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    How Do I Monitor Privileged Accounts?

      

    Monitoring and auditing privileged accounts are critical for businesses in several ways. It’s a fundamental security tenet. It’s a must-have to comply with security and regulatory compliance requirements. It’s also a critical tool in the Security and Incident Response teams’ arsenal during a breach investigation.

    Due to their access to sensitive systems and services, privileged accounts are attractive targets for threat actors. We know how to protect them using a vault, like Secret Server. But effective monitoring of their use requires continuous visibility and reporting that ties all privileged activity back to a specific user.

    Two ways to monitor privileged accounts

    There are two approaches to monitoring privileged account activity in a Privileged Access Management (PAM) context: gateway-based and host-based.

    With a gateway-based approach, a best practice is to use the vault as the single, trusted doorway through which legitimate admins access privileged accounts. Visibility comes from the vault logging all activity that touches vaulted privileged accounts (such as a password checkout). IT can generate reports of such activity on-demand or on a schedule.

    The vault records activity to visually analyze interactive SSH and RDP login sessions to servers and network devices. It also transcribes these sessions, extracting relevant information such as typed commands into a searchable index to aid in rapid analysis of the root cause.

    Both methods provide organizations with detective (after-the-fact) intel tied to a unique user. For random sampling or suspicious activity where IT Security needs to spot-check, they can open a monitor window showing activity as if through the eyes of the user. They can terminate the session and start an investigation if they observe something strange.

    There are situations, however, where we can lose visibility into privileged activity. For example, an admin needs to log in to a server. Instead of initiating it through the vault, they check out the password, exit it, and then log in to the server directly. The vault logs the checkout but loses visibility into all subsequent privileged activity on the server. Similarly, a rogue insider or external threat actor will commonly attempt direct access to servers and lateral movement from server to server. Again, this circumvents the vault’s auditing and monitoring.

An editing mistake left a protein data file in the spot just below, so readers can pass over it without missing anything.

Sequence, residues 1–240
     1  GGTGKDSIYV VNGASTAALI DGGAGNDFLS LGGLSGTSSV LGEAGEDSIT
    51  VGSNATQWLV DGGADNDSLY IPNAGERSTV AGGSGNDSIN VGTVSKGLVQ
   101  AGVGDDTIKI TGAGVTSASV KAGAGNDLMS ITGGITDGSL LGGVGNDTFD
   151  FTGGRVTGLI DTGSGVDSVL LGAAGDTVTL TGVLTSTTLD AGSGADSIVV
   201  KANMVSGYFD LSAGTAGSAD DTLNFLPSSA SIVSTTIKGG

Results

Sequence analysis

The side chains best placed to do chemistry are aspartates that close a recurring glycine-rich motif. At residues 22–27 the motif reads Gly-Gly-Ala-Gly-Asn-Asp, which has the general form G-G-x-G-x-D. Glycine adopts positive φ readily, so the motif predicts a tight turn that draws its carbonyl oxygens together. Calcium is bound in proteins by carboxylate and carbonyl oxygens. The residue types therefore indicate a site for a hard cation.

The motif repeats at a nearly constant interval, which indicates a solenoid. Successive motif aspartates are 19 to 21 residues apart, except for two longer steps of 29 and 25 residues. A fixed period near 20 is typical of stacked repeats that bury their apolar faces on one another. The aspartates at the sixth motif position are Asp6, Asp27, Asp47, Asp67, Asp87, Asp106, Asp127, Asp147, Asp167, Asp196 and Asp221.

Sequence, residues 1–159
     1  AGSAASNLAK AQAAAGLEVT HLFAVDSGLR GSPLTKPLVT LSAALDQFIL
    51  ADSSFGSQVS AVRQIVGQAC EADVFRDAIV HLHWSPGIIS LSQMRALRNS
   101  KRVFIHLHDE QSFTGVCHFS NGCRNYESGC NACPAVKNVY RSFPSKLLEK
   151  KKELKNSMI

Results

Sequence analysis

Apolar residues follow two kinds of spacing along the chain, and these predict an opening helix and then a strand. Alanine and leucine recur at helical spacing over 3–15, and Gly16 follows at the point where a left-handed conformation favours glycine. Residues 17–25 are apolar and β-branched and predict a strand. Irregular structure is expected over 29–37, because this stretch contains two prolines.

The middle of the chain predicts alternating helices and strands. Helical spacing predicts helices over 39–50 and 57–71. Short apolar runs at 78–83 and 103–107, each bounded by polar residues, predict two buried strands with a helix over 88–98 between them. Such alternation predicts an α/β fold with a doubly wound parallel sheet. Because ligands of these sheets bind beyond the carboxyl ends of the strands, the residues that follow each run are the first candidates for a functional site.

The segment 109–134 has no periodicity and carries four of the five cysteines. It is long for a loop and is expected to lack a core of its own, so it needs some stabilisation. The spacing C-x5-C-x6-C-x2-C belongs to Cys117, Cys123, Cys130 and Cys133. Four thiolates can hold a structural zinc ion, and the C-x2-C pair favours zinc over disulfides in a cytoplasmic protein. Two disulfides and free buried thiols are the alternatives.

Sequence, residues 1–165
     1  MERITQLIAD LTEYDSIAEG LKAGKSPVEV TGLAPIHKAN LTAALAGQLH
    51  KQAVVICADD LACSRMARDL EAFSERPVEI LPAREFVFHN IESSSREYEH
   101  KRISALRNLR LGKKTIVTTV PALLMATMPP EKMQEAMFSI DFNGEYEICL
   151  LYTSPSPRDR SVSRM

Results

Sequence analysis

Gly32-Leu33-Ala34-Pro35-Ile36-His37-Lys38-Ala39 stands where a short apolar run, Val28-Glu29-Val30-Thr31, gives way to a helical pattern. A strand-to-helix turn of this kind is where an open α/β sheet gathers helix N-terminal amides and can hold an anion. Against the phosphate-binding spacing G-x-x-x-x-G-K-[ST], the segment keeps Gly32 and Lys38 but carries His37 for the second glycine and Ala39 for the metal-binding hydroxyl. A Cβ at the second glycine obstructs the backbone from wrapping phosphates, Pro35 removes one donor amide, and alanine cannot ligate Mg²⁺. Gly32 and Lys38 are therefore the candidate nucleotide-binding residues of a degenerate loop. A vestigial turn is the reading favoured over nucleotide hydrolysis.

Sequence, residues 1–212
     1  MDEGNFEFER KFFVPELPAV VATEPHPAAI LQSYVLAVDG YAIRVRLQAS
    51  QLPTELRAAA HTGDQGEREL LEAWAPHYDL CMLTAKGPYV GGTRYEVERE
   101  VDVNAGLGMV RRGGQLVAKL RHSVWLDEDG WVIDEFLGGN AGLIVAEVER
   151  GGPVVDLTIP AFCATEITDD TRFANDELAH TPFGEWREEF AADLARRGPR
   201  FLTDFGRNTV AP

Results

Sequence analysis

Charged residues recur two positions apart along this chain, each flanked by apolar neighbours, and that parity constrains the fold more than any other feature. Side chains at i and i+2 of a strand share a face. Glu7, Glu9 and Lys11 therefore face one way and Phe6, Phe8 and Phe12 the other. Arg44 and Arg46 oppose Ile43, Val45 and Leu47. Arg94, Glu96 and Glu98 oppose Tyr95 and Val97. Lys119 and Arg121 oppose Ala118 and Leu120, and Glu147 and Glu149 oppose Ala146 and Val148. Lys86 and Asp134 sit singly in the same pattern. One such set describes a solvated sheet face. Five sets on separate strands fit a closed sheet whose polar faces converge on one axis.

With host-based monitoring, however, we eliminate that blind spot. Host-based monitoring is a feature of Server PAM (view a webinar. Server PAM complements the vault, protecting the servers and providing visibility into the server-level activity that cyber attackers and rogue insiders can’t bypass.

    Host-based monitoring provides forensic-level detail into privileged activities, capturing events at the file system and process levels. Even if a threat actor attempts to obfuscate activity by hiding privileged commands inside innocuous batch files or alias commands – that a session recording would not reveal – Server PAM captures these events and can trigger an alert off them.

    Organizations can bolster these capabilities by enriching data in their Security Information and Event Management (SIEM) system or Cloud Access Security Broker (CASB) service with PAM events. These integrations are supported by modern PAM tools and enable organizations to mine activity data and discover correlations to identify malicious behavior that might fly under the radar.

    Privileged account monitoring is also essential when building a successful compliance program. Multiple regulations such as the Payment Card Industry Data Security Standard (PCI DSS) and the Health Insurance Portability and Accountability Act (HIPAA) require detailed audit logs.

    A best practice for privileged account sessions is to keep video recordings for security or audit team review, or that forensic investigators can use as evidence of activity involving critical assets in regulated industries.

    As industry and regulatory initiatives evolve, the ability to provide information about activity involving sensitive accounts will remain an essential part of security and compliance efforts.

    Read next: The 7 Deadly Privileged Accounts You MUST Discover, Manage, and Secure

     

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